The geeky stuff
Our tester came equipped with the 302A package which bundles in all the bells and whistles. The Perfect Position seats are also a part of this $14,250 ($12,200 CAD) package among a slew of other features like rear heated and ventilated seats, and quad-zone climate control with a separate zone for the third row. A 110V AC power outlet is also a part of the package as is the 28-speaker Revel Ultima 3D sound system. Impeccable would be an understatement for the quality of sound the Ultima system produces. Combined with the vehicle chimes composed by the Detroit Symphony Orchestra, they are the most defining and truly special features on the Aviator package.
I wish I could say the same for the infotainment system. The Aviator uses the SYNC3 touchscreen interface which is also available elsewhere on the Ford lineup. Though available with voice recognition and navigation it rarely ever works as desired. You really need to spell your commands out and even then the system tends to falter. Plus, the voice command button is right at the “ten” position on the steering wheel, right where you’d place the left thumb. Simply put, it just doesn’t feel or look special enough for the cabin.SEE ALSO: 2021 Cadillac Escalade Review: Ghost Protocol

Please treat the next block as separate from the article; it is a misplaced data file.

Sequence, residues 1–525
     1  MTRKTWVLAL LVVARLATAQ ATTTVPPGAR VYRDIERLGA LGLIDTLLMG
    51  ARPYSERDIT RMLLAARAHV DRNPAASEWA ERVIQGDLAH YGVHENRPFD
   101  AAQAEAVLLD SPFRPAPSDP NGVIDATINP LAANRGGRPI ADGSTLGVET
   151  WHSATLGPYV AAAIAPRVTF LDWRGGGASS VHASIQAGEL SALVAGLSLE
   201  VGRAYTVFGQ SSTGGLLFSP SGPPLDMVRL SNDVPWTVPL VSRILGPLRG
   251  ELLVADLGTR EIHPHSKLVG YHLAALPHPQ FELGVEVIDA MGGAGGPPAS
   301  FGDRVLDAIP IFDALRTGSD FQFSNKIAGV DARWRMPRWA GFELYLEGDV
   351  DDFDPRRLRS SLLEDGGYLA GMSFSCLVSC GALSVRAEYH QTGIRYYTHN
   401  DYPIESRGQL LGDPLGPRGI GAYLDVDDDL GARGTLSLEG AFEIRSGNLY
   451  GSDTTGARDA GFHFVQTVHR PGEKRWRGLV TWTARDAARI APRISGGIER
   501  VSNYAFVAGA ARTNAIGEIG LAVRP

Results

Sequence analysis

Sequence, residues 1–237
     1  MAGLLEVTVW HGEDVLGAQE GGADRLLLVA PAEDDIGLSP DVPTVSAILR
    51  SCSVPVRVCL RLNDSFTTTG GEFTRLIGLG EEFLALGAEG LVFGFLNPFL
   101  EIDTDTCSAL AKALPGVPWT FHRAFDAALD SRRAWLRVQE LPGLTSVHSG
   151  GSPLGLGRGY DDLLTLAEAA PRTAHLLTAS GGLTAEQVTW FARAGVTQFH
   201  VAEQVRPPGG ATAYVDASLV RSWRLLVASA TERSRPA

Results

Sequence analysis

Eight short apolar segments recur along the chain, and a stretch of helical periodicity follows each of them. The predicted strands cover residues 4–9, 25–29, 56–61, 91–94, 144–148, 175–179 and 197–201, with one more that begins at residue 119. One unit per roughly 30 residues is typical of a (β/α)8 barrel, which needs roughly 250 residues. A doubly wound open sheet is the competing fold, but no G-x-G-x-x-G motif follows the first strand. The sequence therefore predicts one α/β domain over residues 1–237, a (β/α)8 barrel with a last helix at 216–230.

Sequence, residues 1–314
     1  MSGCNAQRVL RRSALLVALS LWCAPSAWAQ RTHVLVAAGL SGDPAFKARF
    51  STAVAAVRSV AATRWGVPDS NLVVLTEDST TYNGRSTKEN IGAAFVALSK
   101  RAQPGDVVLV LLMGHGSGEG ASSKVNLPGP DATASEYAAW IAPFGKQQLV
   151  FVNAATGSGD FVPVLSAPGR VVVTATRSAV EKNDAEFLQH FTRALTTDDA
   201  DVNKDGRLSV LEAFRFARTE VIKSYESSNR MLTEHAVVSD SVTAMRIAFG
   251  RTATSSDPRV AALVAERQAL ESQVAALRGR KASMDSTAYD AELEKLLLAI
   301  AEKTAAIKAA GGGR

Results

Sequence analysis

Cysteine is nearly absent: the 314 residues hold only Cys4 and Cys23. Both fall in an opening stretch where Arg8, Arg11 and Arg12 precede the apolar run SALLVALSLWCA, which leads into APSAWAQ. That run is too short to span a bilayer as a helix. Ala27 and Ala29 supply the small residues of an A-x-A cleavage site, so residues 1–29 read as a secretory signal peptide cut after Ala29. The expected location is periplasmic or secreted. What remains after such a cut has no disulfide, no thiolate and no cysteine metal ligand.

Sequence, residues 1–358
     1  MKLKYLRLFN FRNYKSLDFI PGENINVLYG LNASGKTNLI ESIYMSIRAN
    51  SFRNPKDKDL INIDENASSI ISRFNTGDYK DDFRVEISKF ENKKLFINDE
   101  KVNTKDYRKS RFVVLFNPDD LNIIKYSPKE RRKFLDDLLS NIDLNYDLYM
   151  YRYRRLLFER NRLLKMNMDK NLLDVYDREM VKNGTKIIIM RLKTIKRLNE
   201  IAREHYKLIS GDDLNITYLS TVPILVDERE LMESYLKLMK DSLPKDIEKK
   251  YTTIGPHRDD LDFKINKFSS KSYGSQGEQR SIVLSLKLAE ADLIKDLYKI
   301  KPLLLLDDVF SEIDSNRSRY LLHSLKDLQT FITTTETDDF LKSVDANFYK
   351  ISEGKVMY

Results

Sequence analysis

Using screen projection is the ideal course of action but even then, the system routinely glitches with Android Auto and only rectifies after the vehicle restarts. Lastly, the rear auto braking intervenes throws up false positives, mistaking shadows for objects, especially on bright Canadian days. Though harmless, the experience sure is unnerving.
So much powaaaaa
Despite its 5,673 lb (2,573 kg) heft, the Aviator really moves. The 3.0-liter V6 makes 415 lb-ft of torque on its own but combined with the 75 kW motor, the number jumps to 630 lb-ft. That’s supercar territory. Off the line and at the lights, it worries drivers in more deft vehicles. The acceleration is head-slapping and out on the highway, it makes short work of sudden overtakes. The 10-speed gearbox, though geared towards fuel efficiency, is fast enough to keep you engaged on your self-indulgent acceleration runs. There is, however, a caveat and a big one.